RBI has differed with some of the proposals of the Watal Committee on the payment system and stated that granting licences to payment service providers cannot be a ‘tick box exercise’ as entities will be entrusted with money, and so fit and proper criterion is important.
About Ratan Watal Committee
The Committee on Digital Payments was constituted by the Ministry of Finance under the Chairmanship of Shri. Ratan P. Watal, Principal Advisor, NITI Aayog and former Finance Secretary to the Government of India.
RBI opposes proposal to set up separate payments regulator
The Reserve Bank of India (RBI) has opposed a move to establish a separate entity to regulate payments and settlements as recommended by Ratan Watal Committee for Digital Payments.
The 11-member committee was notified in September 2016 by the Union Finance Ministry to review existing payment systems in country and recommend appropriate measures for encouraging Digital Payments.
What Watal Committee says?
One of the committee’s terms of reference was to study and recommend changes in the regulatory mechanism under various acts such as the RBI Act, Payments and Settlement Act, and the Information Technology Act among others.
Based on it, the committee had recommended making regulation of retail payments independent from the function of RBI to give digital payments boost.
It had called for establishing separate Payments Regulatory Board (PRB) as an independent body for retail payments and suggested that RBI’s regulation must be kept only for SIPS (systemically important payment system).
Rationale by Watal Committee
The Watal Committee had said that the primary objectives of the PRB must be to include promotion of competition and innovation in the payments market.
“Likewise, if promoting innovation is to be hard coded in the Act, defining what would constitute “an innovation” would be difficult,”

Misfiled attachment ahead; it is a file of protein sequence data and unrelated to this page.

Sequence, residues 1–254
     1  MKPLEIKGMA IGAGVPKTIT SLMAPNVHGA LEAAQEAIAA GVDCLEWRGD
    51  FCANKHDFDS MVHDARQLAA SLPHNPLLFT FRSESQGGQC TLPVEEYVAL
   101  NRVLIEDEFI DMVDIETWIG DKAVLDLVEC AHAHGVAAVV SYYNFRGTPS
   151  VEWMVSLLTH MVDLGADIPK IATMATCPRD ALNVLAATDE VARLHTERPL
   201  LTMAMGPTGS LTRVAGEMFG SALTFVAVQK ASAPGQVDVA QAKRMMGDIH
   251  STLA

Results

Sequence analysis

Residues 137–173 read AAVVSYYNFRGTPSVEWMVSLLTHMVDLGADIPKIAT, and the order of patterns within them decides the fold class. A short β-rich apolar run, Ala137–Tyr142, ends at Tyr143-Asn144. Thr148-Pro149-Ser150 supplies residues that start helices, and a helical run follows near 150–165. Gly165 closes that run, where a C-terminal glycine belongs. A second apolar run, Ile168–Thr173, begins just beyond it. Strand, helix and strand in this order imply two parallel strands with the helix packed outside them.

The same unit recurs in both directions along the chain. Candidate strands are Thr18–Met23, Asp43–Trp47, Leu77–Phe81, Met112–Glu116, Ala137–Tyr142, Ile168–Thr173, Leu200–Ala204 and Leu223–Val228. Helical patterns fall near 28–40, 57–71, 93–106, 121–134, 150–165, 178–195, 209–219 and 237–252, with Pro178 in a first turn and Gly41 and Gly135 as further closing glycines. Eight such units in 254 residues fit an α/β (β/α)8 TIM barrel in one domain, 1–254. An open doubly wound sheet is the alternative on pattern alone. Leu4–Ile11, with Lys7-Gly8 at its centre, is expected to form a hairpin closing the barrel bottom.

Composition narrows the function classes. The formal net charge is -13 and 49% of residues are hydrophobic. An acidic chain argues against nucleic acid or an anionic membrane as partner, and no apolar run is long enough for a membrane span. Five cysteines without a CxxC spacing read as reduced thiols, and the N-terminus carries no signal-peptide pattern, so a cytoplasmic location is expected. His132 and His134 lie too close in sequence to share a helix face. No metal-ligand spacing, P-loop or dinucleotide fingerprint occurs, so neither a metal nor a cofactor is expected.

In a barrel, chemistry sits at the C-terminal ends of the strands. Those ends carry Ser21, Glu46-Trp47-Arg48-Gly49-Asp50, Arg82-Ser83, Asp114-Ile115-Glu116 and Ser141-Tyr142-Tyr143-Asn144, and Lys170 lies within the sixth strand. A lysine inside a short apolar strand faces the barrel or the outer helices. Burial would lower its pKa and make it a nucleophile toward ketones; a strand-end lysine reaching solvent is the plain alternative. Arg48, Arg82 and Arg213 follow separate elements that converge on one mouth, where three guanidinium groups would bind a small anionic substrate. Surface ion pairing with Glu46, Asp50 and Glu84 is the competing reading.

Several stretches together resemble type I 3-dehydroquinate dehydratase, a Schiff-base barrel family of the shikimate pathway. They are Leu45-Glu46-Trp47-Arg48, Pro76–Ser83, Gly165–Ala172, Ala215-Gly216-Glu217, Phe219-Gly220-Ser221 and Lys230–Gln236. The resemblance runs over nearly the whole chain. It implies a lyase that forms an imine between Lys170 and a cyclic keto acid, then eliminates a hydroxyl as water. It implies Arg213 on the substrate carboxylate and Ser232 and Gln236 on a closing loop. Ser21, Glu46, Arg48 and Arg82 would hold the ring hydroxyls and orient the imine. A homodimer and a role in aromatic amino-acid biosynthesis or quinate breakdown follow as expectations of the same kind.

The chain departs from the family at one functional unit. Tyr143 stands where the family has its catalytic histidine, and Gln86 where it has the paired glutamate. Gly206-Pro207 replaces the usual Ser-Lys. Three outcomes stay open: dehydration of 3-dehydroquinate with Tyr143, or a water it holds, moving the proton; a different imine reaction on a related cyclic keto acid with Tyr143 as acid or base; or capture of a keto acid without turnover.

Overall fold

What RBI says?
According to the global practice both the SIPS and retail payment systems are under the central bank for a variety of reasons including issues of inter-connectivity between the systems and the role of the central bank as the lender of last resort (LOLR). RBI has mooted a monetary-policy-committee-style structure for the PRB, where outcomes are decided independently, but implementation remains with the banking regulator.
Rationale by RBI Deputy Governor R Gandhi
1. Gandhi differed with the committee observation that “banking as an activity is separate from payments, which is more of a technology business”. Payments can be effected only in either of two ways — one you use cash to make payments and the other you transfer money in your bank account. There is no third method,” Gandhi said. For the non-cash payments, the origination and ending places are banks only.
2. Ruling out free entry of payment service providers, Gandhi said there is an implied suggestion that this sector needs to be freed of licensing mechanism and once a set of criteria are fixed, any number of entities meeting those criteria should be allowed to function.
What is SIPS?
Systemically important payment systems (SIPS) are payment systems which have the characteristic that a failure of these systems could potentially endanger the operation of the whole economy. In the event of a bank failure, adherence to the rules for the operation of SIPS should prevent a domino effect whereby payment obligations of the failing bank are effected against the solvent banks. Clearly, this does not prevent the effects of a bank failure from spreading; however, it closes off one route.